Edited by Jeff Swystun
The most powerful ideas are simple, and brands adhere to the same rules. Just ask a few people you know, who aren’t in the industry, and you will find that they are able to articulate the idea behind a great brand in just a few short, focused words. Good branding is therefore “easier said than done.” Creating simple, but powerful,differentiation in the minds of your customers, your staff, indeed all your stakeholders, requires a clear and compelling vision that is expressed in everything you do; from product to service, through environments, to the people you hire, and the way you talk about yourself. Maintaining such simplicity throughout the complex systems, processes, and politics that characterize modern business is aconsiderable task, requiring absolute focus, passion, and conviction. No wonder then, that as competition increases, brands are playing an ever-increasing role in business strategy. It is now common knowledge that branding is fundamental to business success, and probably why our Best Global Brands league table is one of the top three published business rankings in the world. At Interbrand we havealways placed great emphasis on the need for a balance between the logical and the creative. Brands, after all, live in our heads and our hearts. But ultimately, brands are value generators for business and this is our true obsession; using our creativity and strategic thinking to create value. Indeed, increasingly we are serving the need for a deeper understanding of how brands generate valueand the use of that information to inform better business decisions. Initially, we thought it strange to be creating a glossary, which by its nature makes complexity easy to understand, about a subject area that demands simplicity! But the language of branding simply reflects the depth of the subject and, as we all know, brand language is varied, misunderstood, and often abused. This book became ourduty, indeed a labour of love! With this glossary, the people of Interbrand have set out to demystify, educate, inform, and entertain. We hope to provide a common language allowing us, the brand practitioners, owners, and otherwise interested parties, to focus our debate and energy on improving our use and understanding of brands as a force for business. A simple idea indeed.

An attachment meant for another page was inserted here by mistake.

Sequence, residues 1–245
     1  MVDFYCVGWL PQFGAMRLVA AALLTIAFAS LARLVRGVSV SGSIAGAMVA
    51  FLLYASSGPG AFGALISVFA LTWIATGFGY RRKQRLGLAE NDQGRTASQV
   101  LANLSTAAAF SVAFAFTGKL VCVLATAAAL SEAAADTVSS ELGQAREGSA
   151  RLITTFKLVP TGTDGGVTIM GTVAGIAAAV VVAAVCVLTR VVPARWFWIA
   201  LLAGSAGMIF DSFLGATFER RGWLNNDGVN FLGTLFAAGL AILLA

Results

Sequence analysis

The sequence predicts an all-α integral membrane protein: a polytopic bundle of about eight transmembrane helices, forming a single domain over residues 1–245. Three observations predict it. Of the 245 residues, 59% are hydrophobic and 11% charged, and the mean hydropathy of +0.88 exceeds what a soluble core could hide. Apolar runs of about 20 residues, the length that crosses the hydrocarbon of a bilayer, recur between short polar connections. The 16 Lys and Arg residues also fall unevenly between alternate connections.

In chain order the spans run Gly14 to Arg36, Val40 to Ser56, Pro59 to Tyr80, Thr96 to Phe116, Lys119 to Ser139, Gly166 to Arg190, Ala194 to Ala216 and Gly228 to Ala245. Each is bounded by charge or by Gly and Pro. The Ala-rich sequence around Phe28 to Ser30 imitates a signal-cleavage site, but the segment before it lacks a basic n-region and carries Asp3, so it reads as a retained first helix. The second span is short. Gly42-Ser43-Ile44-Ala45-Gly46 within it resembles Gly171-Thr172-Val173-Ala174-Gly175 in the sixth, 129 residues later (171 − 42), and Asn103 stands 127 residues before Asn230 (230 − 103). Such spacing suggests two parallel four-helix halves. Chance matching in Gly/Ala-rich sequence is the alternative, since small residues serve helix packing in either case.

Jez FramptonGroup Chief Executive Interbrand
Behind every great brand is a great idea
If you are setting out to edit a glossary (and I am quite confident that few of you are) there are three lessons worth sharing. The first is to more than double your original estimate of the time required to complete such an effort. I affectionately compare the process to that of cutting off ahead of the mythical monster Hydra – complete one term and it produces two more. The second lesson is to ensure it is not the only project you are pursuing. Diversions will maintain your sanity and actually offer greater context. Through the process I found myself re-examining many areas that are taken for granted, such as, how we process communications and information, how we purchase brands, andhow subjectivity and objectivity compete in decision-making. This helped shape the content. The third and most important lesson is to have access to the leading subject matter experts. I thankfully had access to over 1,100 of my colleagues, representing different branding disciplines from all regions of the world. Their brainpower is truly impressive and I wish to acknowledge outstanding individualcontributions. Jason Baer (New York) provided expertise in naming and verbal identity with his infectious enthusiasm for this aspect of branding. Walter Brecht (Cologne) put himself in the place of his clients to continually challenge the content. Jean-Baptiste Danet (Paris) provided calm guidance and support during the entire process. Rita Clifton (London), a recognized expert on global...